“We have deep depth.”-Yoga Berra
The dollar institution is much larger than the Fed, the Treasury or the entire basket of FOREX that derives relative values of backless currencies.
Market action makes market commentary. Few question price discovery -- instead they spend precious time trying to make the fundamentals fit the price. A backwards endeavour. We need to go deeper.
Not only because the truth sets us free, but to reveal the ugliness as well. There is no reason not to appreciate the complexity.
There is an art underlying the mechanics of finance, even if it is ultimately destructive. There are rules, language, principles, and modes of conduct.
There are sets of algorithms, complex math and dressing -quite an art to dressing up a pig. The effect is that a $5000 suite has on a room filled with people wearing casual clothing.
This is the level at which that we operate, and the political/financial elite are expert at this. They don't come easy, but are often earned by long, hours of work. This doesn't mean it’s good or just.
This idea came to mind when I walked through a waiting room recently. I noticed the movie The Devil Wears Prada playing on the television. I recalled a scene I remembered from when I saw it years ago.
It was something I hadn't considered about fashion but also an example of how we think we are outside of a system when we are very much a part of it. Revisiting that scene, I realize that it goes even deeper than I thought.
Meryl Streep plays the editor of a fashion magazine. Fashion is an institution because we can no longer feasibly make our own clothes. Even the most industrious and clever among us, those who make their own clothes, will buy the fabric with which to do so. Almost no one in a Western country has the faintest idea of how to make fabric, let alone the resources.
In the clip, Streep’s character responds icily when a holier-than-thou fashion outsider scoffs at her as she goes about her work.
She says, “You think this has nothing to do with you. You go to your closet and you select, I don’t know, that lumpy blue sweater, for instance, because you’re trying to tell the world that you take yourself too seriously to care about what you put on your back.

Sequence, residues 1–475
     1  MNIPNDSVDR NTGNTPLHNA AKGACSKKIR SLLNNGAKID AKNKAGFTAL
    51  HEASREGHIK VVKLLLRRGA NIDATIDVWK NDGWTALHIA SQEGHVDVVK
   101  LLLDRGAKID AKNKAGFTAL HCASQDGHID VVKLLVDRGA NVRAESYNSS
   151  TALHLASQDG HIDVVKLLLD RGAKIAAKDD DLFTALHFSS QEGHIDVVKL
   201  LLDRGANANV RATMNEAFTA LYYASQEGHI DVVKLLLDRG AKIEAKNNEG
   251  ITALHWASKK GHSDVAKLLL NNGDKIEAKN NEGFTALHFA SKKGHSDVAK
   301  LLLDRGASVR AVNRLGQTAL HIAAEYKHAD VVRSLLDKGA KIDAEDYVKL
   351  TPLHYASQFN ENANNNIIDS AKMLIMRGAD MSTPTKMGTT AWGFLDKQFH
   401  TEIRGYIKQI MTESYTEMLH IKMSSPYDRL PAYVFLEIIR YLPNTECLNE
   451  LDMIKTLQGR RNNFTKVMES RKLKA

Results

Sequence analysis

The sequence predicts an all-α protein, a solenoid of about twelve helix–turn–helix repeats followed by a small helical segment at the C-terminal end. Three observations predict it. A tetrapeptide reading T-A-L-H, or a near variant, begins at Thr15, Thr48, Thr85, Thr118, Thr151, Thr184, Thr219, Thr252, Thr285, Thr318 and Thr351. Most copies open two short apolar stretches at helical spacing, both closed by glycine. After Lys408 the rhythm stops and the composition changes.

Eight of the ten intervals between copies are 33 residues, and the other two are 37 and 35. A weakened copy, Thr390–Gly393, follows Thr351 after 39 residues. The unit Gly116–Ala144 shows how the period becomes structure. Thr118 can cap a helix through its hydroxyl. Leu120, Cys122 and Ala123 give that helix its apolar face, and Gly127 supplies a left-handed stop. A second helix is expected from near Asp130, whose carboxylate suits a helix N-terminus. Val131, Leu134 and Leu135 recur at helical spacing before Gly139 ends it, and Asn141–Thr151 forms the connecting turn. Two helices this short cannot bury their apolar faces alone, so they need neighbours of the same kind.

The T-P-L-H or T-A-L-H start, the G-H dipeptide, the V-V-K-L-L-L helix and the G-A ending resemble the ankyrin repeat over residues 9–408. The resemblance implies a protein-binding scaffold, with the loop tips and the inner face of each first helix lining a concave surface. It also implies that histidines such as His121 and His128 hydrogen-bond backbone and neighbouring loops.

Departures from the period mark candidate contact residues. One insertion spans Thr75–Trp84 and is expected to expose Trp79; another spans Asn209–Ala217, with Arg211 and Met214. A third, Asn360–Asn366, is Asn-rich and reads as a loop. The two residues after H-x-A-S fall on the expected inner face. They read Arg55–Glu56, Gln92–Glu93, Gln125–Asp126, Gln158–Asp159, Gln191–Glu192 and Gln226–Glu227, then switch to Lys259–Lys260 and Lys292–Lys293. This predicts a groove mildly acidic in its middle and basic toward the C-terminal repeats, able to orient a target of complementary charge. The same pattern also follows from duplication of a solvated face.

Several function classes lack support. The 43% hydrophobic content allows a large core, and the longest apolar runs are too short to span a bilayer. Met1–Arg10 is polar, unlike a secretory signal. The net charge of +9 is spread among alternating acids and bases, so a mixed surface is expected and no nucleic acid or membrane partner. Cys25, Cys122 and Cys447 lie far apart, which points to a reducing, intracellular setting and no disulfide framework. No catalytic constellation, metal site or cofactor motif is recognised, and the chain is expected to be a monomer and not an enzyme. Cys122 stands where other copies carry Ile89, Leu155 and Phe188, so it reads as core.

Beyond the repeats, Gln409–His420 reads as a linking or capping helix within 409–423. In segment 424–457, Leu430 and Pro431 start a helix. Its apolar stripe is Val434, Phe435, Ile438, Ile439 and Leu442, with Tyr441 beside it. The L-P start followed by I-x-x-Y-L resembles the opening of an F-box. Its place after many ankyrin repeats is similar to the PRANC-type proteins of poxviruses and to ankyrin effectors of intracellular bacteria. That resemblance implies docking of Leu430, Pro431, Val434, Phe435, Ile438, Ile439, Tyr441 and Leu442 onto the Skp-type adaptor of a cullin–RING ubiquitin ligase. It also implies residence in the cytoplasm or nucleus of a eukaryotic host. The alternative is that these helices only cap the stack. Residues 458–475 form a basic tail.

But what you don’t know is that that sweater is not just blue, it’s not turquoise, it’s not lapis, it’s actually cerulean.”
“And you’re also blithely unaware of the fact that, in 2002 Oscar de la Renta did a collection of cerulean gowns and then I think it was Yves St. Laurent – wasn’t it? – who showed cerulean military jackets.”
“And then cerulean quickly showed up in the collections of eight different designers. And then it filtered down through the department stores and then trickled down into some Casual Corner where you, no doubt, fished it out of some clearance bin.”
“However, that blue represents millions of dollars and countless jobs and it’s sort of comical that you think you’ve made a choice that exempts you from the fashion industry when, in fact, you’re wearing a sweater that was selected for you by the people in this room.”
An institution has emerged to put clothes on our back. The scoffer who inspires Streep’s character’s rant would like to think that she is outside of the fashion industry, that it has nothing to do with her. Likewise, many of us would like to think that we’re outside of the institutions that we don’t like. But we’re not. That’s the rub.
No matter how enlightened or inspired we are to fight social convention, we can’t get outside the institutions that organize our societies. We’re in them whether we know it or not.
But at the end of the day, who benefits?
How does it balance?
Where does the flow of money go?
What is the trickle down path of least resistance?
What good does it do for the real economy?
The silver price is a fulcrum for a mass of derivatives. The heart of all trading is basic price discovery. Once the bid/ask is out there, few question it.
Whatever happens after that becomes commentary. This is why something so blatantly obvious as HFT can go on for years. How does the institution come apart? The repo-generated, freeze.
“The problem of QE in repo terms was that it not only stripped usable collateral from dealer inventories and from other holders where it might be used as supply, it has seemingly diminished the entire repo market’s capacity to withstand even a relatively minor increase in volume.”
What was normal in 2013 seems to create something of a stir in function in 2014.
The problem for “markets” is that this is a primary liquidity conduit, indicating significant and persistent degradation under, again, very benign conditions.
Policymakers don’t really know what they are doing and are just making it up as they go. We are breaking away from the dollar institution, and this is why physical is the only real way to invest.
But, ultimately everything moves toward equilibrium.
Fundamentally, economies and the cancer of finance are emotional, conscious entities, extensions of a terminal condition. It is all based on a rootless, backless, untethered and pervasive institution.
And yet, the majority of those initially wake up to the idea face that something isn't quite right in the world of finance.
That what they think they have may not be diversified enough. Things are unbalanced. And so we turn to "paper metals".
As if they were a true exit, and not another highway to hell.